The use of personal and personally identifiable information, which also and especially include biometric data, is strictly regulated in the context of the General Data Protection Regulation (GDPR). Patients and users in Europe enjoy extensive legal protection against unauthorised use and disclosure of their data. In many cases, however, this strong protection also results in a data usability that is restricted to a greater or lesser degree, which in turn conflicts with its social value for the advancement of medical knowledge and the further development of technologies. Addressing and resolving this dilemma calls for technical solutions that enable a provision and use of data that comply with data protection regulations in the sense of open data so that requirements regarding data protection and data use can be addressed simultaneously.
Objectives and approach
In the »NEMO« project, experts are examining the extent to which a person can be clearly identified from recorded biosignals. The question then is how suitable anonymisation techniques can prevent the identification and disclosure of sensitive information without stripping the data of their scientific value.
The key objective of »NEMO« is to explore and validate innovative techniques for the re-identification analysis and adaptive anonymisation of biosignals, using the example of electroencephalograms (EEG) from sleep monitoring systems. An EEG records brain activity via electrodes attached to the head. On the one hand, these data are particularly sensitive due to their information density, and on the other hand they are also particularly challenging in terms of developing effective anonymisation techniques. At the same time, the number of products on the market that record EEG data in the consumer sector is increasing.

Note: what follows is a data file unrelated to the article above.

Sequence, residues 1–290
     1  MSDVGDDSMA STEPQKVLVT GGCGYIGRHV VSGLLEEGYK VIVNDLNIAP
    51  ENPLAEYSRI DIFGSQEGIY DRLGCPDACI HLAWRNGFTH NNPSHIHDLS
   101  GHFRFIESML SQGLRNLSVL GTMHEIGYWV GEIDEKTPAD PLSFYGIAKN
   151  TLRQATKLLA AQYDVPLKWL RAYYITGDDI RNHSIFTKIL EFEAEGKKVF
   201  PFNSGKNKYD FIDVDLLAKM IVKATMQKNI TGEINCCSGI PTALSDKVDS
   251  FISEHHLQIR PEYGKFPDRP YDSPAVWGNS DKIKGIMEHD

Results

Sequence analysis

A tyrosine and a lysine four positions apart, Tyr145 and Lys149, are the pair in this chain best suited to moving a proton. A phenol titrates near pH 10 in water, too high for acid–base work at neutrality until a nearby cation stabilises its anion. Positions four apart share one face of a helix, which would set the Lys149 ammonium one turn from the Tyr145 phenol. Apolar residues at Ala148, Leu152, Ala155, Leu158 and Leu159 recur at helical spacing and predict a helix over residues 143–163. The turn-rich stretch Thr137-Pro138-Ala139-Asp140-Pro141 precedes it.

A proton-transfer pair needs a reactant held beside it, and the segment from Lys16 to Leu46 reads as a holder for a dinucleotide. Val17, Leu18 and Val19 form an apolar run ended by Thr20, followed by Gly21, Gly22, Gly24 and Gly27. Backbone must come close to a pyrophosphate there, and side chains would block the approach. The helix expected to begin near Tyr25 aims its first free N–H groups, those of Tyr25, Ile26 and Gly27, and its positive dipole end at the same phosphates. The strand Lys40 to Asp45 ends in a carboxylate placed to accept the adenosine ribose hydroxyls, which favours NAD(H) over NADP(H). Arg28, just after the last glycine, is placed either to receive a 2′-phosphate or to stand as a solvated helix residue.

Within »NEMO«, the experts are first of all developing analysis methods to quantify the risks of disclosing identities and sensitive information in the recorded raw data. To minimise these risks and at the same time ensure the highest possible utility of the EEG data, they will then explore and test techniques for their adaptive anonymisation. Among other things, the basis for this is know-how in the anonymisation of audio data and other technical data protection methods.
To integrate users in the anonymisation process and explain to them the mode of action and the added value of the anonymisation variants deployed, a demonstrator is additionally being developed that enables an application-related exploration and analysis of EEG data with the help of the anonymisation techniques made available.
Innovations and outlook
The project aims to generate a significant knowledge gain, not only by illustrating specific risk scenarios but also by developing and testing anonymisation techniques in the sensitive area of health data. The intention is to create a sound foundation for data protection concepts and anonymisation techniques. On the basis of a tried and tested technical infrastructure, the goal is the comprehensive use of data in research and development while at the same time safeguarding data protection.